The Queens Park
The Queen’s Park, which comprises a separate part of the Palace Park. It is open to the public from 18 May to 1 October.
The area that currently comprises the Queen’s Park has served as a park since 1751. At that time the area was part of an unbuilt plot of land known as Sommerro, which the mayor of Christiania, Christian Henrik Støedt, developed into a small Rococo garden at his country home. He planted elegant, symmetrical flower beds encircled by fruit trees, ornamental borders and a kitchen garden. The remainder of the plot consisted of fields, pastures and several ponds.
In 1778, the plot was taken over by Bernt Anker, a well-known figure among Christiania’s citizenry. He kept the Rococo garden, but developed the surrounding area into a more natural-looking park with trees and an orchard.
Lindaalleen, the boulevard that ends at what is today Henrik Ibsens gate, dates from the time of Bernt Anker. Now, more than 200 years later, the boulevard stands as a reminder of how old Christiania and the park appeared at the time.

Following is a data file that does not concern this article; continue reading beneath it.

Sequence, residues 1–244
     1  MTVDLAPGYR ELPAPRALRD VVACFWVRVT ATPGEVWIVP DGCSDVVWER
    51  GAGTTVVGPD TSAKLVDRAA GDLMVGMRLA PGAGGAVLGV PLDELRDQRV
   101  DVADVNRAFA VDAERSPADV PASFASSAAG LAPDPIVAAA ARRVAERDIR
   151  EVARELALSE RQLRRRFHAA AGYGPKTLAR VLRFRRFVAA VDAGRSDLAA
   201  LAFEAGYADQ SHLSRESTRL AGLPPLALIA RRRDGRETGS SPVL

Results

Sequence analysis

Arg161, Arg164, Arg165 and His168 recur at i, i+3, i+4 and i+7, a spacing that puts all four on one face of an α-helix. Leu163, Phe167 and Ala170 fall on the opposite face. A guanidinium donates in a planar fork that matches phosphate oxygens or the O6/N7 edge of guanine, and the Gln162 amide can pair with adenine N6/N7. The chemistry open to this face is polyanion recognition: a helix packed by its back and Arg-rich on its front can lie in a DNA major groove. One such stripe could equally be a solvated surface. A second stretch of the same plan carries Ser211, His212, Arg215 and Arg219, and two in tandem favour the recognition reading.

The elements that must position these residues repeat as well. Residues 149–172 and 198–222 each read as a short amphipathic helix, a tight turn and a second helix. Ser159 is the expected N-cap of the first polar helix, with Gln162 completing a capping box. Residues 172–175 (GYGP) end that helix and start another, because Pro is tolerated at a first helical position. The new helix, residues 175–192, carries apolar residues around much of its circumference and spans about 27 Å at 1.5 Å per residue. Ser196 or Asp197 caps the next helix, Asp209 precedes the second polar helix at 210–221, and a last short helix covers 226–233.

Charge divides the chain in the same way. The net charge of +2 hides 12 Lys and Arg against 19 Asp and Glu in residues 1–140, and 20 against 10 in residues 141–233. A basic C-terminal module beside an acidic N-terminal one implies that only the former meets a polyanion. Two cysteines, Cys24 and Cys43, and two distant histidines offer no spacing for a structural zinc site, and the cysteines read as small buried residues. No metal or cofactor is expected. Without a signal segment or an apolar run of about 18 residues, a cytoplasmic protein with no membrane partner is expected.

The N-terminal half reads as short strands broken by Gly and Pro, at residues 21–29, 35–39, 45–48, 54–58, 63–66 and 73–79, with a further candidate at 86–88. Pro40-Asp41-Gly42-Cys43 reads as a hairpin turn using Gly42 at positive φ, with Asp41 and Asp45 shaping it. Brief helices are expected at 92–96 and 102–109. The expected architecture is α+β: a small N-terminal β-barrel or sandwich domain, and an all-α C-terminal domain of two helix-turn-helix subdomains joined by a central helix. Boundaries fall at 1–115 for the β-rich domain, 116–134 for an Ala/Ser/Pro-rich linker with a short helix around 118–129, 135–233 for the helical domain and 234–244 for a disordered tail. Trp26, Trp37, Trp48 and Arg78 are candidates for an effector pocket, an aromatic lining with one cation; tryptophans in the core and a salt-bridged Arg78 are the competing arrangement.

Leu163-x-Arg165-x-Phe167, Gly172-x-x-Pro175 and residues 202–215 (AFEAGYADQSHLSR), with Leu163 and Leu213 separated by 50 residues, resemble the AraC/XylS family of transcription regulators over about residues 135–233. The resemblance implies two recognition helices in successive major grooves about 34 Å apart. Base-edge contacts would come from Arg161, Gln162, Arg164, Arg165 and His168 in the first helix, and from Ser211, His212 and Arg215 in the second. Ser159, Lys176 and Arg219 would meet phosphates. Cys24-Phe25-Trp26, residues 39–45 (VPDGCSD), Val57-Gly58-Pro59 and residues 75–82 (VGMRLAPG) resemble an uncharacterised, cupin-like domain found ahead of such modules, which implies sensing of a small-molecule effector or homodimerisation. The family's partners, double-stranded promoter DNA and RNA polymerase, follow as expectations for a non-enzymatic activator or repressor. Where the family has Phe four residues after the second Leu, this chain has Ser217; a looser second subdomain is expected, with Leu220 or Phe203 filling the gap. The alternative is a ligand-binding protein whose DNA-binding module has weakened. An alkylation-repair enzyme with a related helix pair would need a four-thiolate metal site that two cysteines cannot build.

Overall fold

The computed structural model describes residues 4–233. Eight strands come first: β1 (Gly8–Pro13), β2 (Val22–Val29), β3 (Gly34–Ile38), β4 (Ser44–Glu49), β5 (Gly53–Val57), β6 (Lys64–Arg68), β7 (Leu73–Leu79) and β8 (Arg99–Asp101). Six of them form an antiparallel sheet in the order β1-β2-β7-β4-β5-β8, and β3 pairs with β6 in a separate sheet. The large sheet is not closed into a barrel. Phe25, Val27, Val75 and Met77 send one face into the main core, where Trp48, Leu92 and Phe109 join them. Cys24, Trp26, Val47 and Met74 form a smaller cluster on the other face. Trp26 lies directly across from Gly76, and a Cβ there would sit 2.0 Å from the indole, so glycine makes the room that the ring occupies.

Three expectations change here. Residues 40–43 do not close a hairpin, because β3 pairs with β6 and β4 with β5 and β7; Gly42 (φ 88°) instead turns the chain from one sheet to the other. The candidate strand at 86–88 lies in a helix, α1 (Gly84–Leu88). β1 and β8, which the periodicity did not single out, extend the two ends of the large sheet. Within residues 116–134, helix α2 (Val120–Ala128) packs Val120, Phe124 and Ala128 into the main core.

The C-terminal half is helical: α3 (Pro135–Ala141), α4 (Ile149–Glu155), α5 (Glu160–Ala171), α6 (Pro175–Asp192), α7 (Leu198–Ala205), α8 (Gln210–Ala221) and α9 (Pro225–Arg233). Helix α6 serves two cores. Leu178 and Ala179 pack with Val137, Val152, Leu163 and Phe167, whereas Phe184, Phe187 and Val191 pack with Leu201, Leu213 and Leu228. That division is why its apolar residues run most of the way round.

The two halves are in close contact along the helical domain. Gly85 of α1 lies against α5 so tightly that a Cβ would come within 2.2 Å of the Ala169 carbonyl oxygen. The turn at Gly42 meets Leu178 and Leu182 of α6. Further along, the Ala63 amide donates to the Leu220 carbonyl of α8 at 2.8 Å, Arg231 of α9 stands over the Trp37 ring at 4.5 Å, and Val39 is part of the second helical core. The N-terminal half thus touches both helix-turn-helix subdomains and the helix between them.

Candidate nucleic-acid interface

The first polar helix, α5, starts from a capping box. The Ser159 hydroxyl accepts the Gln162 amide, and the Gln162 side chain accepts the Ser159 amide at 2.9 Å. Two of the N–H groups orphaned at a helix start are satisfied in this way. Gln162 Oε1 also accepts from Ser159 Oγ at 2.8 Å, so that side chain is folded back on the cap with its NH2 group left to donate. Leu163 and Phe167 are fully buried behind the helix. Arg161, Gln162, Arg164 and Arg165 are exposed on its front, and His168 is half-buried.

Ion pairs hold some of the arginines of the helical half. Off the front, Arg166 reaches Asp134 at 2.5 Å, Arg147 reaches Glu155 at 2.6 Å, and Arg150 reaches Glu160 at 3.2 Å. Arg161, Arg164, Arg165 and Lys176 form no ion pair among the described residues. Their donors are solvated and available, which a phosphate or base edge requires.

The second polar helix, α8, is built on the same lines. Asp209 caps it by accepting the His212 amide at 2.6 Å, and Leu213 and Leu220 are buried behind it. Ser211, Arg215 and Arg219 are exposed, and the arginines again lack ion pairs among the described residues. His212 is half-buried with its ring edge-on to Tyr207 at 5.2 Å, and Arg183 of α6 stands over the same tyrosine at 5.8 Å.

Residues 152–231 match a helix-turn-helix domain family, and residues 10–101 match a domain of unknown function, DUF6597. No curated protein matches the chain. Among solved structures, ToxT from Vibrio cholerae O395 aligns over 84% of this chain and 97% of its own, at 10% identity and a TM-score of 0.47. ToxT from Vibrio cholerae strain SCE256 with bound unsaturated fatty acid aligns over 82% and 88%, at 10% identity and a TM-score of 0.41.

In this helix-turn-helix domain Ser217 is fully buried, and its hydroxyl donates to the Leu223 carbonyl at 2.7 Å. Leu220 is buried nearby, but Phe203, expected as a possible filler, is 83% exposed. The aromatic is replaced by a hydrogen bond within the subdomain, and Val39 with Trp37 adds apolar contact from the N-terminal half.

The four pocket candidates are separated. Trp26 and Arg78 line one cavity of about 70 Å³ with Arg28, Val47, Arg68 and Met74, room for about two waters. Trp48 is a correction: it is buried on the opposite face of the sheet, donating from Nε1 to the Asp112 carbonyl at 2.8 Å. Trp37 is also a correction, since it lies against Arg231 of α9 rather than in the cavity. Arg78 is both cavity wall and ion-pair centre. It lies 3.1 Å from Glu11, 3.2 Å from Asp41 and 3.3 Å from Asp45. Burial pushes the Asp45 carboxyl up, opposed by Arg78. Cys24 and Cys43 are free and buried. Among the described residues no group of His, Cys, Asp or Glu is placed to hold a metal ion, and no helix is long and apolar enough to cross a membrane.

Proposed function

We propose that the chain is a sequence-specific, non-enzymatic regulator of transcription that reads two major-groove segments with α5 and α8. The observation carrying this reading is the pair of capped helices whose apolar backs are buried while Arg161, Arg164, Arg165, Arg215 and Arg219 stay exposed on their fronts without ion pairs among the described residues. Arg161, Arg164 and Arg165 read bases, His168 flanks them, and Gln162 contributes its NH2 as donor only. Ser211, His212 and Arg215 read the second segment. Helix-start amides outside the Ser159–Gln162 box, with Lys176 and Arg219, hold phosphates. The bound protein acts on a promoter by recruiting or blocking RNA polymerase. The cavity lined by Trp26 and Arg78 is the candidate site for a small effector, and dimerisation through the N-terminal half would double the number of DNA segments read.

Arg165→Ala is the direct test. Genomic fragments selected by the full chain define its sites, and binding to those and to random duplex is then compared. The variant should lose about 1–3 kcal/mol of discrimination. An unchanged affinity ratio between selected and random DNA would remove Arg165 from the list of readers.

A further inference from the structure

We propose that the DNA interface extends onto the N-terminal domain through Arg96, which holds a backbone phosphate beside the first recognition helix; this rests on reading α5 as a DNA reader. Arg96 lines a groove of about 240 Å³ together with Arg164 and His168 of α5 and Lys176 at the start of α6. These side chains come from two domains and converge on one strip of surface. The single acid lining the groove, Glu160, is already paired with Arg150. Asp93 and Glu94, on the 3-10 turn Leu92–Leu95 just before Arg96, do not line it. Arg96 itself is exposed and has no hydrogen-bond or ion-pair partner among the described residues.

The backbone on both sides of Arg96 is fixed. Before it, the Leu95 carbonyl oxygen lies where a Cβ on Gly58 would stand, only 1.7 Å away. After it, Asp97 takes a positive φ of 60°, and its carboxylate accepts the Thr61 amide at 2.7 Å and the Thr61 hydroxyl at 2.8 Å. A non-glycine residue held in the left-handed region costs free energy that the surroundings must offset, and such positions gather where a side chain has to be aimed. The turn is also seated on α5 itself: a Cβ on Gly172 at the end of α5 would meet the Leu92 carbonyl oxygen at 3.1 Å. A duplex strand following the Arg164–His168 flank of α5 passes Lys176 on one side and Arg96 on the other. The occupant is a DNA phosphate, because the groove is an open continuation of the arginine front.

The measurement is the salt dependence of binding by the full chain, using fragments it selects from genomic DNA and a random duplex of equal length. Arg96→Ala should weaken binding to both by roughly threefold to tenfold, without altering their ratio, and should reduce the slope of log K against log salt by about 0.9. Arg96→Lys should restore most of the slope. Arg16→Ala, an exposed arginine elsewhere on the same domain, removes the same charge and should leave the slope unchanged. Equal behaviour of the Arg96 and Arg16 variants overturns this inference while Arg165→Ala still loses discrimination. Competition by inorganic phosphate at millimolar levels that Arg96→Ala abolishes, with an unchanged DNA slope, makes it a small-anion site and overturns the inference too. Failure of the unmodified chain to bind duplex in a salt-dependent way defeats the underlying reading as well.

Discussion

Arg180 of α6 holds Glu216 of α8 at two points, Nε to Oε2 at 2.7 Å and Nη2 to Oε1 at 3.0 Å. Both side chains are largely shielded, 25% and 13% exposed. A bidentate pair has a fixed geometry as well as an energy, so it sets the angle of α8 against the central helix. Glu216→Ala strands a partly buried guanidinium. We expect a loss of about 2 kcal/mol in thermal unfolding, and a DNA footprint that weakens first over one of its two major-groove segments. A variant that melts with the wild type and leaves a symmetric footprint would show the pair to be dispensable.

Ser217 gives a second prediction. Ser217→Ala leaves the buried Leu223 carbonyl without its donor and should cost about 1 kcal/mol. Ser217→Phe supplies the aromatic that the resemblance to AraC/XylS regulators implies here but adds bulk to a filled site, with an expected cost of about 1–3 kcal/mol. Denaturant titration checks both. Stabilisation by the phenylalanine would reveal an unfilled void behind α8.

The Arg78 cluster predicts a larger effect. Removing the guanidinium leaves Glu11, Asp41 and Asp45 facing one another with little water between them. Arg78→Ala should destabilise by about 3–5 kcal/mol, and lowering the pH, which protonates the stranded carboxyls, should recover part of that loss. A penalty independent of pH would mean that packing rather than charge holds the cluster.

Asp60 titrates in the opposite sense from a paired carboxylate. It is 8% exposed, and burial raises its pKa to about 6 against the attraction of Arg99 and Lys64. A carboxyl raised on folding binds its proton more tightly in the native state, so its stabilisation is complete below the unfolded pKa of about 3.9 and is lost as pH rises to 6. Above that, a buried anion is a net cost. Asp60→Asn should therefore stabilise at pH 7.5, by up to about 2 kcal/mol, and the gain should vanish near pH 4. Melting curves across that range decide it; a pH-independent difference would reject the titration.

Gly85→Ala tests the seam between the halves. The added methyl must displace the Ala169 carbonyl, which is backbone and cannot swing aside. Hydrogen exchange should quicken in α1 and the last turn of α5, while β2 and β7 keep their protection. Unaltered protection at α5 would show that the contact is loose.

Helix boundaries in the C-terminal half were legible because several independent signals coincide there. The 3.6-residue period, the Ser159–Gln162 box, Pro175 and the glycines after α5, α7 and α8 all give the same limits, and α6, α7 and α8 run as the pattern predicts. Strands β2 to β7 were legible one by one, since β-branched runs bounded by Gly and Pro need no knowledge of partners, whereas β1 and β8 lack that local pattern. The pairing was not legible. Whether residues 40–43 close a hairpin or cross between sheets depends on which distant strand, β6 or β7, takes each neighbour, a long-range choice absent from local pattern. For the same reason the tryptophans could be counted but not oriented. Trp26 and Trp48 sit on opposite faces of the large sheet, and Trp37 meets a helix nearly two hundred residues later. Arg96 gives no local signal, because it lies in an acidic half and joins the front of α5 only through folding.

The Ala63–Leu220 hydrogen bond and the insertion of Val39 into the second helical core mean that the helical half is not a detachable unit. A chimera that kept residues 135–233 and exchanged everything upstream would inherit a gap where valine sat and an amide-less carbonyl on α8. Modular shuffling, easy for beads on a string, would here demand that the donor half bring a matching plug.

Part of the Palace Park
When the planning of the Royal Palace began in 1823, efforts also started to purchase the land allotments around Bellevue where the Palace was to be located. The main part of Sommerro was purchased for 18 000 rix-dollars at an auction in 1840, and Palace Gardener Martin Mortensen incorporated it into the Romantic park landscape that was to surround the new King’s residence. The Swiss-style octagonal gazebo was erected between 1854 and 1857.
The Queen’s Park
The Queen’s Park has always played a special role in the park area around the Royal Palace – a park within the park reserved for the Royal Family when they are in residence at the Palace. The park has changed through the years, but has always retained the main features of a park created in the Romantic style.
Reflecting the past
The Palace nursery is now working to recreate this part of the Palace Park into an especially lush, floral area and to increase the biodiversity of the park. Here, plants, insects, birds and other animal life are viewed in connection with an interesting and important part of Norwegian horticultural history.